PodiatryOverview

Most Americans spend a lot of time on their feet. With an aging population combined with active age groups, there’s a need for foot care. The human foot has a total of 26 bones-plus nerves, ligaments, muscles, and blood vessels. As bipeds, the 52 bones in our feet comprise one forth of all the bones in the human body. It is the podiatrists role to diagnose and treat disorders, diseases, and injuries of the foot and lower leg.

These doctors of podiatric medicine (DPMs) treat an array of foot problems: corns, calluses, ingrown toenails, bunions, heel spurs, ankle and foot injuries, deformities, warts, diabetic foot care, and infections. In the treatment of these disorders, the podiatrist will prescribe medications, set fractures, perform surgery, and administer physical therapy. They also fit corrective shoe inserts called orthotics, design plaster casts and strappings to correct deformities, and design custom-made shoes.

Education

There are currently nine colleges of podiatric medicine fully accredited by the Council on Podiatric Medical Education (CPME). These colleges are located in: Arizona, California, Iowa, Florida, New York, Ohio, Pennsylvania, and Illinois. Though there are eight states listed-this only amounts to nine accredited podiatric schools of medicine. These nine colleges offer four year programs whose core curriculum is similar to those in other schools of medicine. During the first two years, the students receive instruction on basic sciences, including anatomy, chemistry, pathology, and pharmacology. Third and forth year students have clinical rotations in private practices, hospitals and clinics. During these rotations, students learn how to take a medical history, perform routine physical examinations, interpret tests, make diagnoses, and perform therapeutic procedures.

This is an expensive proposition. The American Association of Colleges of Podiatric Medicine (AACPM) reports the annual tuition in 2012 for the nine member schools ranged from $27,830 to $32,671 per year.

After graduating with a DPM, most podiatrists complete a hospital-residency program which lasts two to four years. Here, the resident receives advanced training in podiatric medicine and surgery via clinical rotations in these departments:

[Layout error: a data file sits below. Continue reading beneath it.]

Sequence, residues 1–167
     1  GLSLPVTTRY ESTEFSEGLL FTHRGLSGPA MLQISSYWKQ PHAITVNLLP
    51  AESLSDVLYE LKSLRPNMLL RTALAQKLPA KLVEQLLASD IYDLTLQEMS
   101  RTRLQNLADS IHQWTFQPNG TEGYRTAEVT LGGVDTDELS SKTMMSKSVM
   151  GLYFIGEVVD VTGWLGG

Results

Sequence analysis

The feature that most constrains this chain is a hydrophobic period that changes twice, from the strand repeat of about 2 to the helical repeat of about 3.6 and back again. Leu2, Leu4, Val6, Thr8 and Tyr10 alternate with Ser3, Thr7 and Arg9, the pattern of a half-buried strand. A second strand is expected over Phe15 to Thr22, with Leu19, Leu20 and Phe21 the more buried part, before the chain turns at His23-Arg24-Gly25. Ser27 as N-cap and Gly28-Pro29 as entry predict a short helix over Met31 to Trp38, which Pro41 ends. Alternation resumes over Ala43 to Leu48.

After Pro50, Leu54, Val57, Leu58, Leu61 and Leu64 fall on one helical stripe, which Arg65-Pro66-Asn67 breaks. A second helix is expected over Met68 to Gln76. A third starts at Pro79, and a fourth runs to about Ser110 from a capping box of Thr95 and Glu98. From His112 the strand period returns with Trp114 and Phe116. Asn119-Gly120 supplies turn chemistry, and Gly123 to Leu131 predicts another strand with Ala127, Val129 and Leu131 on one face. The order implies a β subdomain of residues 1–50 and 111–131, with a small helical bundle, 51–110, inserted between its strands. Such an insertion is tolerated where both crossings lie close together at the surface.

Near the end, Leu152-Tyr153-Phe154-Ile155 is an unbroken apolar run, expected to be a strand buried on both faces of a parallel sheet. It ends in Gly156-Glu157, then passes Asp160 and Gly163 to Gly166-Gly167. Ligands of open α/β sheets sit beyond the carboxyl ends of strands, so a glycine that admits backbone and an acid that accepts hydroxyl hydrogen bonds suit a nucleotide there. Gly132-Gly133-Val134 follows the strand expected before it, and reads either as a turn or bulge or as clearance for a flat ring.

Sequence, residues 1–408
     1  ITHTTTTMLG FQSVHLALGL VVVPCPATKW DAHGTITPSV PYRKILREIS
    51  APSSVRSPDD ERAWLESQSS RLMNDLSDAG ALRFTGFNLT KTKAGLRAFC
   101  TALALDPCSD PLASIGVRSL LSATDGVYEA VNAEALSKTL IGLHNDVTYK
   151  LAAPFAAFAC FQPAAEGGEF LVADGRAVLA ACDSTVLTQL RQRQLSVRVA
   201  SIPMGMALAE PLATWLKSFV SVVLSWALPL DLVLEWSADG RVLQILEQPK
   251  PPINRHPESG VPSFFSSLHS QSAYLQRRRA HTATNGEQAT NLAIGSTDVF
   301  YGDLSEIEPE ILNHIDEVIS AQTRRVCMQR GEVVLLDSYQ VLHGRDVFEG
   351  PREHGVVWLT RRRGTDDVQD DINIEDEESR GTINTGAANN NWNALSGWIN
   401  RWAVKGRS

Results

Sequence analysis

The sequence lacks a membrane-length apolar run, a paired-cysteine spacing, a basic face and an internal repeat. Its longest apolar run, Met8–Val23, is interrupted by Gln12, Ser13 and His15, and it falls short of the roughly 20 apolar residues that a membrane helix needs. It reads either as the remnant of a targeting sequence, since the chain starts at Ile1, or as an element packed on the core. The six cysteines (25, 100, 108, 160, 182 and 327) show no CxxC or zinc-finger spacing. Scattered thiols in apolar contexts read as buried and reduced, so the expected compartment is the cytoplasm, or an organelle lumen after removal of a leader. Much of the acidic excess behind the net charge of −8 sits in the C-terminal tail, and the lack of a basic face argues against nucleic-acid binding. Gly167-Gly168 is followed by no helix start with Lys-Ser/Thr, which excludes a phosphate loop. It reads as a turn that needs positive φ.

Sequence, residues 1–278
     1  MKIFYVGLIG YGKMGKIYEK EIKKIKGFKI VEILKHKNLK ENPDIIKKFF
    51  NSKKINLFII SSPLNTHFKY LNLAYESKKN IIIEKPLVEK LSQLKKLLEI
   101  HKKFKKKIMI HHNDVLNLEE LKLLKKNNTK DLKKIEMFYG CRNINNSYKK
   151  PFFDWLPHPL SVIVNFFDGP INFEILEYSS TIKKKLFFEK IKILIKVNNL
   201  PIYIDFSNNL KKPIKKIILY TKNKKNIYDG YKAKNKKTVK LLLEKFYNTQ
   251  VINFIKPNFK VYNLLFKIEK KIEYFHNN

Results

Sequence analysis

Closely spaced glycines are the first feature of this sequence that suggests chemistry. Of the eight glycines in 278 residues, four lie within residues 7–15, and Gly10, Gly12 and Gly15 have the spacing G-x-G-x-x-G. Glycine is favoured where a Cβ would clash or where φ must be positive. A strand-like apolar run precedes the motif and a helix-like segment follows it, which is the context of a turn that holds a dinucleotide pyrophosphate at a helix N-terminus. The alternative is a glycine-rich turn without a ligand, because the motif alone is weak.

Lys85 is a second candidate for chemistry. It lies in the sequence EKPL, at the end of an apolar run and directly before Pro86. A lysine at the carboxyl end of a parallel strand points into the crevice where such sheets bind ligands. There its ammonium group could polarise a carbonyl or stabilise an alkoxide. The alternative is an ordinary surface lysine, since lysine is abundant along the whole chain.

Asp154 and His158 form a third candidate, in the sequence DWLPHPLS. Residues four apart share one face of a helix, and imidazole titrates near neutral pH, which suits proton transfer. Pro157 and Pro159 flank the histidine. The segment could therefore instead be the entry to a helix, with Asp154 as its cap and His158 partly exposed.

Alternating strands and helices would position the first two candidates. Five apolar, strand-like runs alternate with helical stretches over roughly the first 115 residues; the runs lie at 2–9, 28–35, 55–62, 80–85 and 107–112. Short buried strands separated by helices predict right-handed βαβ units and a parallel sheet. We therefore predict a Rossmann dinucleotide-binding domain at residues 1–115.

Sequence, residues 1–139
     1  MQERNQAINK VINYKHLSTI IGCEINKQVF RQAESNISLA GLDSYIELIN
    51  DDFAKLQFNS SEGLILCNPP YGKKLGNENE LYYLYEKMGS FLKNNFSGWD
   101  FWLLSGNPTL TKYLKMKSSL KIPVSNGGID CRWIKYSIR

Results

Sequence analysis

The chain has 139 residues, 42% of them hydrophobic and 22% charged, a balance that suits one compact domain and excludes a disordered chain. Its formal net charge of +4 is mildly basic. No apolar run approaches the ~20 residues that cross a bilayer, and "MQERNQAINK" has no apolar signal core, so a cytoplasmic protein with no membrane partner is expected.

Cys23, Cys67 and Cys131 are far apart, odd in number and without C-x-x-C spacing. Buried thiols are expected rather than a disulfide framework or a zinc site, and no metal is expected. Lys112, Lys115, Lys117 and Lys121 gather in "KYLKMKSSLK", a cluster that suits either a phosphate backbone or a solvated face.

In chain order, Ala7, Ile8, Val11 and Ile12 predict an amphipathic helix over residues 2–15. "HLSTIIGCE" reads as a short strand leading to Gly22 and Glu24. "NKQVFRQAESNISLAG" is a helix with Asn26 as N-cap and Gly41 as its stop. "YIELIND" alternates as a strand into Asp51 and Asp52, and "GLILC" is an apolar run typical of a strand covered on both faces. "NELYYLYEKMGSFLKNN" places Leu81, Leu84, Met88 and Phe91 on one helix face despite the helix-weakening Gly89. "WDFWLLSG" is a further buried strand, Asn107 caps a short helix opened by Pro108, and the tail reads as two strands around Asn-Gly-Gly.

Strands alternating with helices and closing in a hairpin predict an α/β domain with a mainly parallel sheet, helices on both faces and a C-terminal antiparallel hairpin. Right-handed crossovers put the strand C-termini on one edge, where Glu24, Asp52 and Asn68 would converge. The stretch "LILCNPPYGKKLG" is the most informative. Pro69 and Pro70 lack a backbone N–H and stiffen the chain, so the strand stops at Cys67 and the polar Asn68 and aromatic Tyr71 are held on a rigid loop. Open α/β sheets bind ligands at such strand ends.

• Anesthesiology
  • Internal Medicine
  • Pathology
  • Radiology
  • Emergency Medicine
  • Orthopedic and General Surgery

Licensing

All states, the District of Columbia and Puerto Rico require a license for the practice of podiatric medicine. Each state has its own requirements, although many states have reciprocity agreements with other states. Thereby granting the podiatrist the ability to change states and not require re-licensing.

Applicants for licensure must have graduated from one of the nine accredited podiatric colleges and must pass an oral and written examination. Most states also necessitate that the applicant has completed three years of postgraduate residency in an approved health care institution.

Employment

The U.S. Bureau of Labor Statistics (BLS) has projected the job growth/change to be 23% through 2022 which is above average for all occupations. The median annual salary was $116,440 in 2012. The website for the  AACPM reported in 2008 that 30% of DPMs fell into the $101,000 to $150,000 salary range.

Conclusion

This is a profession where one can set her/his own hours if in a private practice. Most podiatrists work a 40 hour work week. Therefore, there is ample time for family and leisure activities.

One final note- it’s highly advocated by the profession that practicing podiatrists join the American Podiatric Medical Association (APMA) to receive continuing education information as well as details on national conferences conducted by the APMA Annual Scientific Meeting committee.